Beginning in March of 2010, a physician-owned hospital is prohibited from expanding existing capacity unless it applies for and is granted an exception as either an “applicable hospital” or a “high Medicaid facility.”  Federal regulations set forth the procedures that must be complied with when submitting requests for an exception.

Physician-owned hospitals that wish to expand existing capacity must follow the regulatory process for obtaining approval.  Part of this process involves CMS obtaining input from other providers in the community.  Even if expansion is approved, expansion cannot exceed 200% of the baseline number of operating norms, procedure rooms, and beds.  Expansion must be limited to the hospital’s primary campus.

Employment Exceptions From Anti-kickback Statute

Friday, May 9th, 2014

Employee Exception to the Anti-Kickback Statute

Are There Limitations on the Protection?

employment exception safe harbor regulationsBoth the Anti-Kickback Statute and the Stark Law contain exceptions that apply to employer/employee relationships.  The Stark Law exception contains several additional requirements and limitations that vary based on whether the physician is an employee of the group practice, or of a hospital or other provider of designated health services.

The Anti-Kickback Statute contains a fairly broadly worded exception which is generally been interpreted to exempt any remuneration made from an employer to a bona fide employee from consideration under the Anti-Kickback Statute’s criminal and civil prohibitions.  However, close examination of the wording of the exception, together with recent case law, may begin to demonstrate some limitations on the protection that is provided by the Anti-Kickback Statute’s employment exception.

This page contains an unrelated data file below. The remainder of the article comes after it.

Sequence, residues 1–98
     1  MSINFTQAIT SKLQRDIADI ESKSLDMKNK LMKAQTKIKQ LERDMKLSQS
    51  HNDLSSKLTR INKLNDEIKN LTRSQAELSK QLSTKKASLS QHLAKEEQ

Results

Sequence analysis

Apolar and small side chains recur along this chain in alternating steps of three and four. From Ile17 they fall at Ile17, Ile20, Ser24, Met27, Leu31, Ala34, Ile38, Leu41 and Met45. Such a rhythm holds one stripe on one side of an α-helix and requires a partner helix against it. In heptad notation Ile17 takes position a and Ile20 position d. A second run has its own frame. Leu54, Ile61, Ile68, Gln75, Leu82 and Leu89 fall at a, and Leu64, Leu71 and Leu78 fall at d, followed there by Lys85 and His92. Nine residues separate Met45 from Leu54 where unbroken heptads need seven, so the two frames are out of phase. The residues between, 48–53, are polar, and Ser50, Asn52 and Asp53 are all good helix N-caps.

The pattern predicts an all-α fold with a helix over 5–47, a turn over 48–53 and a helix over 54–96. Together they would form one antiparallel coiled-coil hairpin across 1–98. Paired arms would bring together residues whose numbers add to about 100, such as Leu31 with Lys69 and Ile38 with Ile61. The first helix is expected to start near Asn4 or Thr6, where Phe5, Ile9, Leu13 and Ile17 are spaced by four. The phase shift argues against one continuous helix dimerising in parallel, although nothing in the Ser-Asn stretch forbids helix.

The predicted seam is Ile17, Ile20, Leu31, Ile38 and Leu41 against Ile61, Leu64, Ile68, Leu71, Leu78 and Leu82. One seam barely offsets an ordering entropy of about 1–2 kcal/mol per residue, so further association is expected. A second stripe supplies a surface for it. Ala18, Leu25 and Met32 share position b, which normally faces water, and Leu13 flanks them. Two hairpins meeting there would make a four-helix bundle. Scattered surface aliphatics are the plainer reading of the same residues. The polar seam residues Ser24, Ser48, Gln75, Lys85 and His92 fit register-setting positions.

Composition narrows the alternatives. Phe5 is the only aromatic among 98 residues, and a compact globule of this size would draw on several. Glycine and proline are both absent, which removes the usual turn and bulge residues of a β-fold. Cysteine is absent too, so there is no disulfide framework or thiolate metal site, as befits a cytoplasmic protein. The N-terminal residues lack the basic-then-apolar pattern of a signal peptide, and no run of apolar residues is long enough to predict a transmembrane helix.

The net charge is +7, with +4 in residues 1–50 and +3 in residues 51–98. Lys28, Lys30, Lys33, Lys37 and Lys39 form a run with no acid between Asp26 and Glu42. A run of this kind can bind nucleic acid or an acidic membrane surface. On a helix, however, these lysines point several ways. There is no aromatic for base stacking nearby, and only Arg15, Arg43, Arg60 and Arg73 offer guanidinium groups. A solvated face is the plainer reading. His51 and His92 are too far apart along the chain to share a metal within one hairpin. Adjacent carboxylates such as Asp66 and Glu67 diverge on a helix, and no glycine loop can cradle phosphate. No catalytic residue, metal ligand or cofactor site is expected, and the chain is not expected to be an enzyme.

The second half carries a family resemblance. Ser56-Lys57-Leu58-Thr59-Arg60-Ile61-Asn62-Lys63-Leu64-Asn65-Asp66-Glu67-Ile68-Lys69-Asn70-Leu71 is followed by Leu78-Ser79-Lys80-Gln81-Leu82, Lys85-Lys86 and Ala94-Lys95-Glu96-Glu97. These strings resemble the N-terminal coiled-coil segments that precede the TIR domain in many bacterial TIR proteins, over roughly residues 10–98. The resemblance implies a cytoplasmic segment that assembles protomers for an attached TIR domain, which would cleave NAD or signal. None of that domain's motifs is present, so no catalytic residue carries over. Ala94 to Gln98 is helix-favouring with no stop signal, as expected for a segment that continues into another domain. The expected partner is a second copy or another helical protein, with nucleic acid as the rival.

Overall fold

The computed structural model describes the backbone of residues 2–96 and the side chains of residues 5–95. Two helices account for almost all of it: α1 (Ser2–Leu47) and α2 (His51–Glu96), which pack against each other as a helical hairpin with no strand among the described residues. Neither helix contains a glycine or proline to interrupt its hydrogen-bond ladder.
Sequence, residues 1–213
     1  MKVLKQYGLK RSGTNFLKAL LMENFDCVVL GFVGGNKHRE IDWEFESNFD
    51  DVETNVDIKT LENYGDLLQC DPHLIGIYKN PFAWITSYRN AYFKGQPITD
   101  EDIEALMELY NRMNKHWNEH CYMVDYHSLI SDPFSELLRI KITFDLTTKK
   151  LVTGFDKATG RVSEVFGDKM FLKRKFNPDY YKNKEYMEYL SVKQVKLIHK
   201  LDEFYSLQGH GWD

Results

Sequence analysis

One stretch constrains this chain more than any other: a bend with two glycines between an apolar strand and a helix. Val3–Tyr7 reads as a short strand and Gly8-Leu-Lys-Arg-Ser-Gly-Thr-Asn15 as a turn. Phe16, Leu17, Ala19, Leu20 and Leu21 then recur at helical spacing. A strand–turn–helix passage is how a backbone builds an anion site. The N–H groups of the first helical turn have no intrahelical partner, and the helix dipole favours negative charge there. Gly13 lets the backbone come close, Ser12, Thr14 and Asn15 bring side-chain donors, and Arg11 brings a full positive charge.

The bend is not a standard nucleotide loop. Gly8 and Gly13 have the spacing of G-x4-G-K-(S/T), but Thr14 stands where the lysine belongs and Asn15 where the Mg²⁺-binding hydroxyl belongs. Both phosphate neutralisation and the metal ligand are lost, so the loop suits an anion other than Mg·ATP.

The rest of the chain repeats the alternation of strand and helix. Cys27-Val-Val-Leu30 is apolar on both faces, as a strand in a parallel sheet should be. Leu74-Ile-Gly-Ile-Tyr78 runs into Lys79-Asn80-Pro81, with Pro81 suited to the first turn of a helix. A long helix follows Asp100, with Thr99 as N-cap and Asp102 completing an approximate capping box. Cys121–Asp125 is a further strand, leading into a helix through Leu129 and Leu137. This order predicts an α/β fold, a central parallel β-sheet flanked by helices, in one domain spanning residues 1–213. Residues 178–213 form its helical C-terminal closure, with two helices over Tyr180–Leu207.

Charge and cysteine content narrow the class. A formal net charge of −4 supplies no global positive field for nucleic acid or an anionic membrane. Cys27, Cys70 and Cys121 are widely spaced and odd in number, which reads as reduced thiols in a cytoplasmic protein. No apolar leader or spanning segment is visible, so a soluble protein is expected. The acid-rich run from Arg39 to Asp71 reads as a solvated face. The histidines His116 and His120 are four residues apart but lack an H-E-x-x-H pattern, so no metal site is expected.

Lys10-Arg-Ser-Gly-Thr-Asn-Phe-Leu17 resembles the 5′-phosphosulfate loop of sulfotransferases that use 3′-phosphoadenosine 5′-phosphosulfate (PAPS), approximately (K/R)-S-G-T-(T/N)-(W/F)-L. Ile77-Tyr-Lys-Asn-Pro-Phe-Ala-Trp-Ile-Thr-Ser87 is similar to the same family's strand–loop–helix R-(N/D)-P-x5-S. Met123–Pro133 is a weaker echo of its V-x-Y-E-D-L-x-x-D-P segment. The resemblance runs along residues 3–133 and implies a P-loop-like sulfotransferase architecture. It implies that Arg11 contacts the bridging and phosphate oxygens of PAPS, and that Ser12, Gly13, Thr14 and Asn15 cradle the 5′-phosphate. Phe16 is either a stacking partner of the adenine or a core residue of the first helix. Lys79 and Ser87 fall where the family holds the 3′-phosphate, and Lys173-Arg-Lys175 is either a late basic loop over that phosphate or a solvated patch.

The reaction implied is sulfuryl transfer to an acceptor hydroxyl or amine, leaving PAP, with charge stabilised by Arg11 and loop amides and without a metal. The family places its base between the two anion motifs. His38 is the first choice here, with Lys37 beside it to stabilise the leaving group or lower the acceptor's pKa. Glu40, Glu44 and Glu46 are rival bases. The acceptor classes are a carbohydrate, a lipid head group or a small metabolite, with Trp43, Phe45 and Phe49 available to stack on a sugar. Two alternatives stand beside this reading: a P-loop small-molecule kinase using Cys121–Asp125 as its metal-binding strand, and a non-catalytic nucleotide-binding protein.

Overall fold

The statutory exception under the Anti-Kickback Statue has been in place for over 35 years.  It is not a safe harbor under the safe harbor regulations but is directly included within the statute itself.  This has significant implications for the government’s burden of proof once a bona fide employee arrangement is established.  The Anti-Kickback Statute employment exception states that remuneration “shall not apply…to any amount paid by an employer to an employee for employment in the provision of covered items and services.”  The exception applies only to “bona fide employment relationships.”